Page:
On August 28, 1876 Walter and Barbara Jones sold the 21-foot wide building to Henry H. Powers.  His family would retain ownership for decades to come.

Among Powers's tenants was clothing manufacturer A. & J. Levy.  A. Linger was an employee and in his off-time volunteered with the State National Guard.  The situation did not interfere with his work duties until the summer of 1877 when The Great Railroad Strike brought freight trains to a halt and subsequently threatened America's industries.  Federal troops and the National Guard were deployed to quell the numerous individual strikes.  Vickers was among those sent away.

In his absence he lost his job.  The Evening Telegram came to his defense, shaming his employers in its August 1, 1877 issue.  "Captain A. Lingner, of Company I, Eleventh regiment, a cutter for A. & J. Levy, clothiers, at No. 199 Church street, was dismissed from their employ for presuming to protect their lives and property."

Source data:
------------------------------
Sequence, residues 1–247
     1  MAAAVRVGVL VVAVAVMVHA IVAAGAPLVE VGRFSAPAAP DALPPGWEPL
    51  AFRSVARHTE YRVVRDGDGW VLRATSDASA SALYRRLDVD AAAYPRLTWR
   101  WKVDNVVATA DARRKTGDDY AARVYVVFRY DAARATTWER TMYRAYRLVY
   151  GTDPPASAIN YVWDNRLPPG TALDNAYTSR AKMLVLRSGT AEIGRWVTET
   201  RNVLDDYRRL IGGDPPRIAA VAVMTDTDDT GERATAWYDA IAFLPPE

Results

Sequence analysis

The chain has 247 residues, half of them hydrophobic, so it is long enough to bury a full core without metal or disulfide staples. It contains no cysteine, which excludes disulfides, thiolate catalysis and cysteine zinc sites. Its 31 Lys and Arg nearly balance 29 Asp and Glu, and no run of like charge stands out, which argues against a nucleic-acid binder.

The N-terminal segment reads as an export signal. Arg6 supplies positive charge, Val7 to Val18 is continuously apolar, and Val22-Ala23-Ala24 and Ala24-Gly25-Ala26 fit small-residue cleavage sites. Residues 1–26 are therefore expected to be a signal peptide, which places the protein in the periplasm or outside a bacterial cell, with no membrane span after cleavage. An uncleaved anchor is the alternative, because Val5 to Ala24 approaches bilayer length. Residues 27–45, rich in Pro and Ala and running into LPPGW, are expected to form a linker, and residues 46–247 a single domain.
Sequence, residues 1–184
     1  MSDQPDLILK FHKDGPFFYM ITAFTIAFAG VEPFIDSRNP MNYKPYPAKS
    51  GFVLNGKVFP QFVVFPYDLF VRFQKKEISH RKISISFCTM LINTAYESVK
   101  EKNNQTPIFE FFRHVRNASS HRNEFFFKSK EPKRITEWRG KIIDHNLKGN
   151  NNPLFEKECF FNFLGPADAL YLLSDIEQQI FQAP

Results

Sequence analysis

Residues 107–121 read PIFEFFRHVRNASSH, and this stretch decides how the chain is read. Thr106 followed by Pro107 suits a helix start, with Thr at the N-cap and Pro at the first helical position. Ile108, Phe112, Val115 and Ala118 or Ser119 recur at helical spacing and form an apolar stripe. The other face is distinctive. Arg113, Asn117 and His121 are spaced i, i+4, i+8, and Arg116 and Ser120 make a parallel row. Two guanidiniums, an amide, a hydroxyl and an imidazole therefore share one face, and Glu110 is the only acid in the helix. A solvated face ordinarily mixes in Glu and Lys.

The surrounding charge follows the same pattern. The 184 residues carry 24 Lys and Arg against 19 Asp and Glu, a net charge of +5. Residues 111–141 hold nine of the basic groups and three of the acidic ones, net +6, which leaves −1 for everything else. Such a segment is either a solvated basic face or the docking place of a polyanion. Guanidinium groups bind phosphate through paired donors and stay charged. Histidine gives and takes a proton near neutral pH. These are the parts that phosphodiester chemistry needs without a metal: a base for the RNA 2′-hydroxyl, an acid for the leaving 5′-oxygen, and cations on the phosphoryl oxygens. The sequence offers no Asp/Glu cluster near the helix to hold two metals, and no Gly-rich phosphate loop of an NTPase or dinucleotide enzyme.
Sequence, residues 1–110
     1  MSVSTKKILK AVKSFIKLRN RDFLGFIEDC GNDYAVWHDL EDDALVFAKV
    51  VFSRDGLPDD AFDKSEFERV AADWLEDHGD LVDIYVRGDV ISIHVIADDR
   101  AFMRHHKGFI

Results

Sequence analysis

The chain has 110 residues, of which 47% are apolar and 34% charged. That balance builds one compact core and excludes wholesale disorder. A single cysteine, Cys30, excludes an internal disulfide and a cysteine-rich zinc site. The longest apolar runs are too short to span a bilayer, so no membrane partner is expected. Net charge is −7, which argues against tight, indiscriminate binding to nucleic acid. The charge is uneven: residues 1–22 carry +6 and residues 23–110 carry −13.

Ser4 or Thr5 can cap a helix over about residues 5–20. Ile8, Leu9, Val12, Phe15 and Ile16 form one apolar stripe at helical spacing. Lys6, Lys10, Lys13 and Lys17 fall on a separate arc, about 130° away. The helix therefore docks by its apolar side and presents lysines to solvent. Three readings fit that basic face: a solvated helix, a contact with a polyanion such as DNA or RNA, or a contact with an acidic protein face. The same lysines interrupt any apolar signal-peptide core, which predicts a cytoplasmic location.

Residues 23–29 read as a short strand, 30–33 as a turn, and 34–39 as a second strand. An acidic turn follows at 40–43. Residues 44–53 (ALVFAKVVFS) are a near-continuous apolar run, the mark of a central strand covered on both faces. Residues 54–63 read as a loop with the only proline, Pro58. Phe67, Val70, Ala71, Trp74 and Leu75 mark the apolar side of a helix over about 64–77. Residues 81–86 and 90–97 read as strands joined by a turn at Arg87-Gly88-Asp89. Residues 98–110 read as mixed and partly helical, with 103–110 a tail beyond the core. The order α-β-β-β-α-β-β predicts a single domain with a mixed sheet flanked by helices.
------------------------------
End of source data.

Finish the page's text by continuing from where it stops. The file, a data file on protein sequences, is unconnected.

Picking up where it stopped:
By the time Leonard J. Haas & Co., cloak and suit makers, moved into the building the address had become No. 293.  In 1891 the firm employed fourteen men, two boys under 18, twelve women, and three teen girls.  The staff worked 59 hours per week.

Scandal centered around the head of D. W. MacLeod & Co. beginning in the summer of 1901.  Born in Ireland, Donald W. MacLeod had come to America as a boy.  He had started the firm, which imported woolens and linens, in 1877.  In 1889 he had married Harriet Bush (known as Hattie), described by The New York Press as "a strikingly beautiful woman."  The bride was 18-years old and the groom 52.

The New York Times noted on December 11, 1901 that MacLeod "is said to have amassed a large fortune," and The New York Press said the couple's house on Carroll Street in Brooklyn was "one of the handsomest in that section."  Their summer estate in Middletown Township, New Jersey, sat on 300 acres.